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Local Editorials

Our View: Charges were needed in Richmond road rage gun-pointing incident

One driver left his vehicle after saying he was being honked at in traffic. Driver Brian Schimian then sat in his vehicle, pulled out a gun and pointed it directly at driver Bart Surroz, who was recording the incident, and told Surroz, “Get in your car,” multiple times.

It all happened Tuesday evening in downtown Richmond. Two video recordings of the incident were posted online, but not until after the Richmond Police Department arrived at the scene and spoke with both parties, and then both parties were told no further action would occur.

That course changed after public uproar Wednesday and two misdemeanor charges were filed against Schimian on Thursday. A third charge of aggravated assault with a deadly weapon is expected to be added.

Pulling out a gun in a road rage incident like what happened Tuesday simply is not OK.

And police need to make that clear.

This isn’t the Wild West. And Schimian was not in danger.

Surroz never should have left his vehicle in traffic; certainly, it only escalated the situation. Road rage incidents are increasingly common, and all drivers should do their best to follow the simple rules of the road taught in driver’s education: to stay calm and drive carefully and defensively.

There’s nothing to gain from driving aggressively.

But Schimian had no business taking out a gun and pointing it at a fellow motorist. It all happened downtown, near businesses, with plenty of bystanders. And Richmond police should have made that clear from the start.

“They go over there and talk with him and get his dash cam and view his dash cam,” Surroz said of the police response. “They say that the guy felt threatened for his life and that he was well within his rights to pull that gun.”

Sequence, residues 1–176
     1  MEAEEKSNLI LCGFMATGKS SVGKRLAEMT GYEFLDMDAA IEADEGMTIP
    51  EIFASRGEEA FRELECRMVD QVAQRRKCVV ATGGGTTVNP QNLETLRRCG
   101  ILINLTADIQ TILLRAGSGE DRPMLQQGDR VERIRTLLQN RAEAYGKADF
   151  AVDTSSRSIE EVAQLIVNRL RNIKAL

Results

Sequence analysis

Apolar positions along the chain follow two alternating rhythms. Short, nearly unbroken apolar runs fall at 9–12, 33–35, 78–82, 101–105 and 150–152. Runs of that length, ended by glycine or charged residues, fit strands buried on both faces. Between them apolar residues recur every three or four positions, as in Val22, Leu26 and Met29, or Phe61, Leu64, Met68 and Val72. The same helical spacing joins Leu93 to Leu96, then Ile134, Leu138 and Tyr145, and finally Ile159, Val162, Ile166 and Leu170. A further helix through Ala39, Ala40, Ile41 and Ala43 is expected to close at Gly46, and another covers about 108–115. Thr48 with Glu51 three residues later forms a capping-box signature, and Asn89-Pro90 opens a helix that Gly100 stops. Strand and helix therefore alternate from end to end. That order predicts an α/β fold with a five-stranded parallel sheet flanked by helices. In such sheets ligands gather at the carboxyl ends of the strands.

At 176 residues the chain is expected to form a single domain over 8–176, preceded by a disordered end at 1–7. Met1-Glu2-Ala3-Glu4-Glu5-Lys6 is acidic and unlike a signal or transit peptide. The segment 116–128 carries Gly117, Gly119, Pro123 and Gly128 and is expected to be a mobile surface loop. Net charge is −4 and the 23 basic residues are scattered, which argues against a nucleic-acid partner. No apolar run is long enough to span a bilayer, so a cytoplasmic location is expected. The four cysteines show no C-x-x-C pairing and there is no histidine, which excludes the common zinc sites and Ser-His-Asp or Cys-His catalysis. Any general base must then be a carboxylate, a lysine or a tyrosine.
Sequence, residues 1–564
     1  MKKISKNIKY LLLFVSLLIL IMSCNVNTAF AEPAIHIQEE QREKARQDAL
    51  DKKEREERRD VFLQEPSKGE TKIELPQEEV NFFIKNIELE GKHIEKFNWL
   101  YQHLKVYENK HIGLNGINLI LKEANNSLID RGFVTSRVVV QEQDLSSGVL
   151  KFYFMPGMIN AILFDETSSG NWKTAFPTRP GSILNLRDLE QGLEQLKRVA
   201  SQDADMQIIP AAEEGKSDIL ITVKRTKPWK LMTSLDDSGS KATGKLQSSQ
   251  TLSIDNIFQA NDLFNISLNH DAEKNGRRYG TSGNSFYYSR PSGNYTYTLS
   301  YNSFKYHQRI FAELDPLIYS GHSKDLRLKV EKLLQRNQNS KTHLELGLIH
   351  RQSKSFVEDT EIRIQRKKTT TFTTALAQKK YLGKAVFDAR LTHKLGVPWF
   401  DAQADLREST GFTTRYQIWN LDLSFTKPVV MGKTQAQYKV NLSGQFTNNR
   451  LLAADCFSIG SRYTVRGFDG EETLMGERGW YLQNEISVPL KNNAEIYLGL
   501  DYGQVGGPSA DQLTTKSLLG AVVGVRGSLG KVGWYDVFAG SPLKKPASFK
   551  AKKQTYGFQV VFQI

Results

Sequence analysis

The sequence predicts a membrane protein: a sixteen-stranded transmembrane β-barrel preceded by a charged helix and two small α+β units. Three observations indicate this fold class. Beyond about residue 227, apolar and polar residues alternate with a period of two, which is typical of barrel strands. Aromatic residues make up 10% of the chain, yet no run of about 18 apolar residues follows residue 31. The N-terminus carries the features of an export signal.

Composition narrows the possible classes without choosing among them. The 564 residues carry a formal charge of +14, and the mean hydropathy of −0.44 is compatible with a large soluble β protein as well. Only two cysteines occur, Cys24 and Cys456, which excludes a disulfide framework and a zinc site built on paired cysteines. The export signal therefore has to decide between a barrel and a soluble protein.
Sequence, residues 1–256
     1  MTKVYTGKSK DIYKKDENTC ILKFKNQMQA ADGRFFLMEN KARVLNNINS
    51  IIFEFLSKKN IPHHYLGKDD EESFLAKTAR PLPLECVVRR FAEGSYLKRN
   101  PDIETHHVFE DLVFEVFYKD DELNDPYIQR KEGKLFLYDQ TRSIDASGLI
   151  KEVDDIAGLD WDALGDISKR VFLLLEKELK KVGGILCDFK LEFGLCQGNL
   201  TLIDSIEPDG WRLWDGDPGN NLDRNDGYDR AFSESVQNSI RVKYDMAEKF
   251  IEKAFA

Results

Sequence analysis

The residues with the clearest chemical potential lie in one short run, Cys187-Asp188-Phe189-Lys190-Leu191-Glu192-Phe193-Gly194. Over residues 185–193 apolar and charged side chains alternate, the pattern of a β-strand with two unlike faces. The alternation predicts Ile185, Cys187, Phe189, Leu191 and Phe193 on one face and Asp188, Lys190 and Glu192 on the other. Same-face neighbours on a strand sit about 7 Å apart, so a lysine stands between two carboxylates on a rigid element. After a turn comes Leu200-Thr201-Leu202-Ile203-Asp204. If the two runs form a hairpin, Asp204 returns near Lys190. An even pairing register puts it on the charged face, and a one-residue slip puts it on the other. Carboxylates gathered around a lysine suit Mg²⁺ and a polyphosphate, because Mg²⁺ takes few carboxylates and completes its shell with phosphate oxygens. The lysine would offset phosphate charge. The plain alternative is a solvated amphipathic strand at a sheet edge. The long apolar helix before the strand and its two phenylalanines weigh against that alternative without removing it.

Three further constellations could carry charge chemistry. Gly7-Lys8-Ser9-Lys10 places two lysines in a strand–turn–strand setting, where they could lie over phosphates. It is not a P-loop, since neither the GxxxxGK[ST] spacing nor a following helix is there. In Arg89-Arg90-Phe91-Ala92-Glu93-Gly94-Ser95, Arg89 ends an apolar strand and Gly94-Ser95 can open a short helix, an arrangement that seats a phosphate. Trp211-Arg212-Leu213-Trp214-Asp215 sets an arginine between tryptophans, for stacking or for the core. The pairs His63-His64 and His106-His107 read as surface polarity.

“The police have already investigated this altercation,” Schimian’s wife, Cassandra Schimian, told the Northwest Herald. “And he was not at fault. The other car driver was.”

On Wednesday, Richmond police Sgt. Jennifer Fillicaro said the incident was under investigation and that the department had been “receiving calls all morning. We’re working hard to be able to get information out to the public.” Fillicaro also said that the McHenry County State’s Attorney’s Office is looking into the matter, which led to the charges. Surroz posted on Facebook on Wednesday night that he was called back to the Richmond Police Department and spoke with both an officer and Richmond Police Chief Ciro Cetrangolo.

“I feel much better now learning that they are investigating the situation and it’s not just a closed case,” Surroz wrote.

Illinois does not have a “Stand Your Ground” law, and the driver who pulled a gun, based on video evidence, could not have reasonably believed that his life was at stake.

Road rage incidents are widespread, and the public needs to do a better job de-escalating those situations rather than contributing to them. Getting mad behind the wheel rarely leads to a good outcome.

Carrying a weapon is not only a right, but also a responsibility, and people who make the choice to carry a weapon must be judicious. That may not have been the case here, and it now will be up to the court to decide. We can all be thankful that Schimian did not squeeze the trigger.

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